But let's assume that that's been fixed. We still have the very big problem that crimes will be measured where they happen, not based on the residence of the offender. So if you burglarize a place or commit fraud against your employer, it's the victim's address that enters the crime stats. Again, where are pokie machines? Mostly in bars downtown and in bars in commercial areas. Is the measured strong relationship between pokie availability and fraud then reflecting that problem gamblers might defraud their employers, or that the objects of fraud might be close to the kinds of commercial areas where pokie machines are placed? Do we see a relationship with robbery because of the pokie machines, or because pokie machines tend to be near places that get robbed?

I'd said:
There's one simple question that ought to be required for any journalist interviewing any social scientist on any issue like this: "How did you address causality?" It's a simple question. If the researcher says "Oh, we used a panel design to get within-subject effects" or "Oh, we instrumented by using...", that's a great start! If not, all you've got is correlation.
Kiwi journalists just don't ask the question.


  1. Good points all, but what's more regrettable than reporters not understanding causality is researchers - the supposed experts - either not understanding causality or misrepresenting what their findings mean. (I'm assuming the quotations in the article are more or less accurate.)

  2. @LemmusLemmus: I've just about given up on public health folks understanding what they're doing. The Press article is unsurprisingly close to the official press release...

  3. Lately I've had the opportunity to spend some time going over press releases and then finding whole paragraphs published in newspapers. Therefore the lack of questions about methods is not surprising: it is not part of the copy and paste job.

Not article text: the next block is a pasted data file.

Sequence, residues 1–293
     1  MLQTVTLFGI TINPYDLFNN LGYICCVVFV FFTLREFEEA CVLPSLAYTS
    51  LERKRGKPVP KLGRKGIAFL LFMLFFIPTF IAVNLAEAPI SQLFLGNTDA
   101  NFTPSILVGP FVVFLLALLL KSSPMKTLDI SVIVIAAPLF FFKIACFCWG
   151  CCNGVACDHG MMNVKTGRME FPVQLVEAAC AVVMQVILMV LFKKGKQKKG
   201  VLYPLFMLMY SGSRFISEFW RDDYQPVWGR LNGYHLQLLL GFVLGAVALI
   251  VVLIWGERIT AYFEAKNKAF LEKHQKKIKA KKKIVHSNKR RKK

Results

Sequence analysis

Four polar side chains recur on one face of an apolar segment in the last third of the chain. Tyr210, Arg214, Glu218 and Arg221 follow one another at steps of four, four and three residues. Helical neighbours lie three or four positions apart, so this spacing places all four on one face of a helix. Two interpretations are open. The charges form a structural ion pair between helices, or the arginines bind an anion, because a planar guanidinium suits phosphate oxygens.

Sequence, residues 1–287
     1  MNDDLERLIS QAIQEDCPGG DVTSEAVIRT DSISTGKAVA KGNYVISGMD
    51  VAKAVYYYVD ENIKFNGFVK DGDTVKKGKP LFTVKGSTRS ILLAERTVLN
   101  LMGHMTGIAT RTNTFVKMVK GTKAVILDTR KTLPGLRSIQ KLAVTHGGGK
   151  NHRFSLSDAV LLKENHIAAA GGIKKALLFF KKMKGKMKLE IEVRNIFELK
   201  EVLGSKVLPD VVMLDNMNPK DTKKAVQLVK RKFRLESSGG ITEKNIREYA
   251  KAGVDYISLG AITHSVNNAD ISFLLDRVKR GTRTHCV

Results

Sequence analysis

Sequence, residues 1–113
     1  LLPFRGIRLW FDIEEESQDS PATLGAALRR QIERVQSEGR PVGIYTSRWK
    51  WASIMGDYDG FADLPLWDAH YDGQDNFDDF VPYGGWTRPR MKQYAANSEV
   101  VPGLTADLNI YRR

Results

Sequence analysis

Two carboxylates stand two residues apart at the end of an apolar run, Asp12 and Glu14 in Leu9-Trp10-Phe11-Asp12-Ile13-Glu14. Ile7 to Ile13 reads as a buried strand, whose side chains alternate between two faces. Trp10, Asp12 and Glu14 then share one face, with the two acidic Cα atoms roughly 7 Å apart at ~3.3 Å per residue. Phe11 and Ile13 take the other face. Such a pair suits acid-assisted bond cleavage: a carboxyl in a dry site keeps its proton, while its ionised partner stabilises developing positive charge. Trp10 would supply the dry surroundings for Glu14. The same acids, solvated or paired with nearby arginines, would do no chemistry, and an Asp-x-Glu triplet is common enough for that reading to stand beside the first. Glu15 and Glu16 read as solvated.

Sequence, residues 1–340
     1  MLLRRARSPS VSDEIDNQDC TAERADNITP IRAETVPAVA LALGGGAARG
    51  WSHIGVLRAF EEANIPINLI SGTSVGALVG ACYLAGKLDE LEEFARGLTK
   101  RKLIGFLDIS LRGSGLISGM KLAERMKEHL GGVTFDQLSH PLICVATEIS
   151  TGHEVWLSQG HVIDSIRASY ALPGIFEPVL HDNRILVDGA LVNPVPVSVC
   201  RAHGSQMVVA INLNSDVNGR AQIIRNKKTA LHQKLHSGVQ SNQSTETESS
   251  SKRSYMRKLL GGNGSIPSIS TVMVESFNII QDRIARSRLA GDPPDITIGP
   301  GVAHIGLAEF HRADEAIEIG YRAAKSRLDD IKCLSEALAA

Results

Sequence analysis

In addition I think it is important to consider the incentives for the researcher. I think that pandering to tried and truth causes increases his chances of obtaining continuous funding. In many areas even suggesting alternative views is a big no no when applying for grants.

  4. I wonder what useful information these 2 academics might derive from the 1930s dataset from Oldenburg, Germany that shows a positive correlation between stork sightings and births of human babies?

    Anonymous: Paul Walker of Anti Dismal had a post recently where he quoted someone talking about economics researchers always searching in the light in the same place under the lamppost, not because that is where the answer is to be found, but because that is where the funding is. Maybe this applies here also, as you suggest.

  5. @Anon: here's the press release.

    @dragonfly: MoH does seem to want particular results...

  6. Confusing correlation with causality is pretty commonplace, especially when research is conducted with a desired outcome in mind. That is pretty poor science, but can make for a good sound-bite, and the media too often are more interested in selling copy than accuracy.

  7. Good points all, but what's more regrettable than reporters not understanding causality is researchers - the supposed experts - either not understanding causality or misrepresenting what their findings mean.